A microalbuminuria test, or urine albumin test, helps identify kidney damage in diabetics and other risk groups, according to Healthline. In a healthy kidney the albumin level is typically under 30 micrograms per milligram. Levels higher than this indicate some amount of kidney damage may be present.
Because diabetes can cause kidney damage an annual albumin test is recommended for both Type 1 and Type 2 diabetics from age 12 to 70, notes Healthline. Kidney damage can ultimately lead to kidney failure, and it is important to identify it as early as possible in order to slow its progress and preserve kidney function. Individuals suffering from hypertension may also be directed to take this test due to the fact that high blood pressure also can cause damage to the kidneys.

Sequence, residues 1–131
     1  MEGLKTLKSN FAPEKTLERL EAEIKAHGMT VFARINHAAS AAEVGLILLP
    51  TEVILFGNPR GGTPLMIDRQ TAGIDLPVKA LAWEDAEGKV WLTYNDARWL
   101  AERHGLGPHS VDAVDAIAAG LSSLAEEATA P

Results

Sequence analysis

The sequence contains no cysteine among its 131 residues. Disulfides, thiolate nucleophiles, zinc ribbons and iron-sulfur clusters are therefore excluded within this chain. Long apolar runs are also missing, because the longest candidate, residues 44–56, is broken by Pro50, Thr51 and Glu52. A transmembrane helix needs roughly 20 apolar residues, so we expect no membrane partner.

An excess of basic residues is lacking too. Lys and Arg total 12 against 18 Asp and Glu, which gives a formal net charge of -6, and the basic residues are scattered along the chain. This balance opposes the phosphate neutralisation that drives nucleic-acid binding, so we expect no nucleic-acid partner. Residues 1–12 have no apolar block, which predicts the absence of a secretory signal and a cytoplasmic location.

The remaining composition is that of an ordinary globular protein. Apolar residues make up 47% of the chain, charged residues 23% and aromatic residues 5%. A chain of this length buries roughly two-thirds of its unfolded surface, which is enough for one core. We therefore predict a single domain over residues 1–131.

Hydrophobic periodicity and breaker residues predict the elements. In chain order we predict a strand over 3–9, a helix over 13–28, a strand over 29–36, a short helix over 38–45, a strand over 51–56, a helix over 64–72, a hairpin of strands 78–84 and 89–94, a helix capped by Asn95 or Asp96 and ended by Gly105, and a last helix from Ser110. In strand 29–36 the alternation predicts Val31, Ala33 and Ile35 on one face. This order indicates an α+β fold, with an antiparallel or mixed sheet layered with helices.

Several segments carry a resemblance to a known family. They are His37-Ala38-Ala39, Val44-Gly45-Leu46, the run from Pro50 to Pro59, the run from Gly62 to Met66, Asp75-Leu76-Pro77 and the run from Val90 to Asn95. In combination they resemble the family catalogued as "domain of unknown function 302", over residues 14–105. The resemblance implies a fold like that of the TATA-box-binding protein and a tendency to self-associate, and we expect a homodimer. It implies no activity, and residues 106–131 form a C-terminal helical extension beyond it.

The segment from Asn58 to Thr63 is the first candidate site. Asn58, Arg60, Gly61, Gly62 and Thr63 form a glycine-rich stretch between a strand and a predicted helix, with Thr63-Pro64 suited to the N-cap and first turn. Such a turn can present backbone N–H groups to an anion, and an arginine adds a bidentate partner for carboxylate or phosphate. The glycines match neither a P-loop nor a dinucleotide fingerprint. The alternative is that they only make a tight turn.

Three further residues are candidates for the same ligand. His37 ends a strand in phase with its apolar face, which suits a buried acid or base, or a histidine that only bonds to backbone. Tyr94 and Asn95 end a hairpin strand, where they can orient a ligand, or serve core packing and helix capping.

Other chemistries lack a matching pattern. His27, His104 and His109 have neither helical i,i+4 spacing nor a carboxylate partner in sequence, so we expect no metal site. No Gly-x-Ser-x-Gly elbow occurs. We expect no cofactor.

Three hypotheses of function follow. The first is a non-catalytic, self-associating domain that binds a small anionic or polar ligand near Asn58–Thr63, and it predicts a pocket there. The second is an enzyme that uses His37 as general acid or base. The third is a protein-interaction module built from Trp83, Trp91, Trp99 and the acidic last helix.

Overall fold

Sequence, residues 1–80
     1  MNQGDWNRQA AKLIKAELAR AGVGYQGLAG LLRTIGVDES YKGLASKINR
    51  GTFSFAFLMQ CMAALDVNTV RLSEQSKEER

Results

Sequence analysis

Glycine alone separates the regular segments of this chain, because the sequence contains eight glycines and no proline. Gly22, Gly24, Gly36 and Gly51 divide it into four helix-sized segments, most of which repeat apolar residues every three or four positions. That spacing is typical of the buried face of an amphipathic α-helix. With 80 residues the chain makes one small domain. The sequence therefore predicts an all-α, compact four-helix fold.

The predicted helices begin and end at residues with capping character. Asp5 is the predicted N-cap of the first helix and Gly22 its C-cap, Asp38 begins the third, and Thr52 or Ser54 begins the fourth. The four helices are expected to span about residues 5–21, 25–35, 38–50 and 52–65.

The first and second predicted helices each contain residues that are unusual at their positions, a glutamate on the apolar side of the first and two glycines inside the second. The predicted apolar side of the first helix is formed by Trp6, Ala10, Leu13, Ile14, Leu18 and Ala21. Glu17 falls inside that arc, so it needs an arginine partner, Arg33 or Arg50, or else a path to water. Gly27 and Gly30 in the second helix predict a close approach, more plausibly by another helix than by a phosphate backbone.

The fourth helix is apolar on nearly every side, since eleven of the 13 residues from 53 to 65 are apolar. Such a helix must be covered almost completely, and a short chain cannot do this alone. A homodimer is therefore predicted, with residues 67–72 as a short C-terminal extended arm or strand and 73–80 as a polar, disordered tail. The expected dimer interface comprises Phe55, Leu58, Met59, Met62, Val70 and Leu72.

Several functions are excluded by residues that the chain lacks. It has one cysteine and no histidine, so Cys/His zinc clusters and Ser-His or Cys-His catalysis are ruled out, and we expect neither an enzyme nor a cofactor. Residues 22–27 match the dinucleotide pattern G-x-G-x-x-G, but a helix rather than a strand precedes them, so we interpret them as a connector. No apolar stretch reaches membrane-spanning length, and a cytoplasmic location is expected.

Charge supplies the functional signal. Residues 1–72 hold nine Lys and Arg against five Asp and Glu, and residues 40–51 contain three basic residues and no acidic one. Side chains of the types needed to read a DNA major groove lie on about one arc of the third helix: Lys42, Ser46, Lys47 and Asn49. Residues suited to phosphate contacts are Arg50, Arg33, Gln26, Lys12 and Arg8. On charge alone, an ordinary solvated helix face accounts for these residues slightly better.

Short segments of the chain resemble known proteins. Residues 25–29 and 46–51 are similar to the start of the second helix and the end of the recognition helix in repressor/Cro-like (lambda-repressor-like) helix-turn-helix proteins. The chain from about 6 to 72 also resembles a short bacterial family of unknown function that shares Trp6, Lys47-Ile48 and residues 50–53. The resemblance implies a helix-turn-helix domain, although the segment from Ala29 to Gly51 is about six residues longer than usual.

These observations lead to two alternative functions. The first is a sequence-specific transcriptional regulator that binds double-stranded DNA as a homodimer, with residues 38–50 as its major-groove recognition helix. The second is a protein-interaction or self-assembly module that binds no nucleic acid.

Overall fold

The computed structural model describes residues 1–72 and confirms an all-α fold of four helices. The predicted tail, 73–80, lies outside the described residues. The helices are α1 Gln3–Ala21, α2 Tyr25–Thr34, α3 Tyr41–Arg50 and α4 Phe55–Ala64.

Albumin is a protein crucial to cell growth and tissue repair, but a damaged kidney allows it to leak from the bloodstream and be lost in the urine, explains Healthline. The microalbuminuria test is often performed in conjunction with a creatinine test to arrive at the albumin-to-creatinine ratio. Creatinine is a waste product that should be removed by healthy kidneys and is expected to be found in the urine. The ratio of albumin to creatinine in the urine helps doctors measure the level of damage and recommend appropriate treatments.